Category: Budget

Leaders Reveal Priorities For Legislative Session

This week’s Courier Herald column: Legislators from across the state reconvened in Atlanta this week for the 2020 session of the Georgia General Assembly. Tensions remain higher than average among Georgia’s leaders as tight budgets force competition among everyone’s priorities.  They’ll have to work harder than normal to present a unified front for the majority’s

Bet On A Short Legislative Session

This week’s Courier Herald column: The Georgia General Assembly will convene next week for the 2020 regular session in Atlanta.  The legislature may meet for up to 40 days, but they get to decide which days count toward their limit.  It’s usually safe to assume they’ll finish their business before Easter week and The Masters,

Tax Cuts And Increased Spending Point To Revenue Needs

This week’s Courier Herald column: The muted lull between the Georgia General Assembly’s March Sine Die and the January 13th reconvening of legislators has been relatively quiet publicly.  Behind the scenes, there has been a philosophical and practical struggle over Georgia’s budget – all within the ranks of the majority Republican party. In late summer,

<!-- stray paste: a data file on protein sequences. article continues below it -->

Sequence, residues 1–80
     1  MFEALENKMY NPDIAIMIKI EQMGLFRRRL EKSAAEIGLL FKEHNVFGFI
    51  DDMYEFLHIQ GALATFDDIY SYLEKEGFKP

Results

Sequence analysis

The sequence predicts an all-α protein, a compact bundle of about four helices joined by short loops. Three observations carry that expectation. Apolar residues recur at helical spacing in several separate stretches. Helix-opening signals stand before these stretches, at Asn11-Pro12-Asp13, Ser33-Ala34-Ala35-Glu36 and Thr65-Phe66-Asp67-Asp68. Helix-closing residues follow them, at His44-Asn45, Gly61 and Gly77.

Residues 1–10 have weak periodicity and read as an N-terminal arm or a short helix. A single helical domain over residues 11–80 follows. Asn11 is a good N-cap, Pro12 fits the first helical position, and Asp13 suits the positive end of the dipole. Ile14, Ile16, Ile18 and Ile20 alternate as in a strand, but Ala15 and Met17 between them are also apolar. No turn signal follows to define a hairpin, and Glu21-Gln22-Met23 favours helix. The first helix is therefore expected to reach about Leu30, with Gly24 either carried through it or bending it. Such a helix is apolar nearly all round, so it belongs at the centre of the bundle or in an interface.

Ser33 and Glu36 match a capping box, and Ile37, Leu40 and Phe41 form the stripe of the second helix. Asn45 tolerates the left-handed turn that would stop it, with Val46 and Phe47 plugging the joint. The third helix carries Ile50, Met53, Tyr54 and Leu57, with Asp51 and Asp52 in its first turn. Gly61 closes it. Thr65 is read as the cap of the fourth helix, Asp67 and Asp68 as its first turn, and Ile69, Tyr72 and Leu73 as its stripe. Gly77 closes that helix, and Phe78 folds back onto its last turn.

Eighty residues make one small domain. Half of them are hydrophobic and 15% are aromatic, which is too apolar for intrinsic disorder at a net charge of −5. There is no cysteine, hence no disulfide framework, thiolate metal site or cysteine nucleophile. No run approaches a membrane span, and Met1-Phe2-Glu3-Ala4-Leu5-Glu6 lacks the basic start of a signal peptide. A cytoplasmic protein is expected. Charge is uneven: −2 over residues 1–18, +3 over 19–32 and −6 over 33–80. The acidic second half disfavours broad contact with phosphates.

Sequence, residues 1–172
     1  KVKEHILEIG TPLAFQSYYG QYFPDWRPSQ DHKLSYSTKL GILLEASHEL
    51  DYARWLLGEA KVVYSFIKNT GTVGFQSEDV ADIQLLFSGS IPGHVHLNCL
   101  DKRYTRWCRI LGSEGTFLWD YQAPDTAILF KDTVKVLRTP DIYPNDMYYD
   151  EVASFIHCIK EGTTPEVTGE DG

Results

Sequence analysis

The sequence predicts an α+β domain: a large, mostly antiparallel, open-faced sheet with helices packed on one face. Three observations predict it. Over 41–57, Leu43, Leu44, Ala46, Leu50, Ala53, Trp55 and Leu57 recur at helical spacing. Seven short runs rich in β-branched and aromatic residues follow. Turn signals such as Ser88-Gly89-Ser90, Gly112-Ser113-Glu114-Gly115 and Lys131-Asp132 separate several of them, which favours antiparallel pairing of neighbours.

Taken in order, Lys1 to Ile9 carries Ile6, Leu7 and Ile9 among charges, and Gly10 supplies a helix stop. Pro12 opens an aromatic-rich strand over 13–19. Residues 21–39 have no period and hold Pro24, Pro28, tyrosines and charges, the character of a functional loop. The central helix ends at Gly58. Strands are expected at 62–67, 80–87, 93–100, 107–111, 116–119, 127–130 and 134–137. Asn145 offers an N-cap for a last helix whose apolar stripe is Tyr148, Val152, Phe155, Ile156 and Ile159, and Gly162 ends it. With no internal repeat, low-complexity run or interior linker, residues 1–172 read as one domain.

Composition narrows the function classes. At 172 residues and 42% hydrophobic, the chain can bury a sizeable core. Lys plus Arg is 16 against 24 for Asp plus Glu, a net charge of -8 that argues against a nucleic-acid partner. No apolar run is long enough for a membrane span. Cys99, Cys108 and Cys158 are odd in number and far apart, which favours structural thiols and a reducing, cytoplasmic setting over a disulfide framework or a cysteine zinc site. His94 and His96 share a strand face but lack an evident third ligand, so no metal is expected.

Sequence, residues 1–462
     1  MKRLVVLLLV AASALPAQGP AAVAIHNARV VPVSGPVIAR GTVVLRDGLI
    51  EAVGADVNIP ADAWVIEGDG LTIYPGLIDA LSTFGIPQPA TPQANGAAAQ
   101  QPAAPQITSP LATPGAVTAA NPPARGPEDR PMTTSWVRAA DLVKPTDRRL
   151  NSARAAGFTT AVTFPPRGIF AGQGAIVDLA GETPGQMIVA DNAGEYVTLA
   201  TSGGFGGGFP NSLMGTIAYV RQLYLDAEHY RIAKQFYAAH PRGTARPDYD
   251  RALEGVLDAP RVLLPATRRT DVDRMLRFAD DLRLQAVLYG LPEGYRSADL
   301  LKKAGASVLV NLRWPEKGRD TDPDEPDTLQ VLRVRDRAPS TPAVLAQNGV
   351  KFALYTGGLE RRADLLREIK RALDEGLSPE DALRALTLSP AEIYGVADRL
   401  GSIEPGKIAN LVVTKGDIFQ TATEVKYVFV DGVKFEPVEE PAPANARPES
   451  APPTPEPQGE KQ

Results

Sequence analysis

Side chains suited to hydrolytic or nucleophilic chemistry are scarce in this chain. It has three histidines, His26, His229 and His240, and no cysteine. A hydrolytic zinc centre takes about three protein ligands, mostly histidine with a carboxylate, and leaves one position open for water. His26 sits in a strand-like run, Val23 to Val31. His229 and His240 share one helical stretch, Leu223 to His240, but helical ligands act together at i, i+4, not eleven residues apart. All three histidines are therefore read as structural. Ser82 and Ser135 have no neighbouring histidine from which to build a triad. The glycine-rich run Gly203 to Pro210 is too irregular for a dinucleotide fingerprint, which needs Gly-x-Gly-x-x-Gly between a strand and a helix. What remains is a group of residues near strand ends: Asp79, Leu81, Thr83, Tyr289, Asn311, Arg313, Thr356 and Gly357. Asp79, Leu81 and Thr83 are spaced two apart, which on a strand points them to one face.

Joint State Budget Hearings Set For September

First the old business: Governor Brian Kemp has asked for state agencies to prepare for across the board budget cuts of 4% to 6%. In order to ensure time and planning to analyze, prioritize, and implement possible spending reductions, Speaker David Ralston announced earlier this month that the House would commence budget hearings early this

State Tax Revenues Soar During April

Georgia’s tax revenues increased 24.2% during the month of April when compared by the same month one year ago, according to a press release from Governor Kemp’s office this morning. Income taxes made up most of the difference. The strong revenue performance for April means that the budget for FY 19, which ends June 30th,

Perdue, Abrams, and the Federal Debt Concern in Georgia

Senator David Perdue and Republican members of the Georgia congressional delegation are sounding the alarm about the federal debt, despite a muted response at present from most in Washington. The University of Georgia, Selig Center for Economic Growth lists large federal deficits as a leading threat to Georgia’s economy. Only a rare few are talking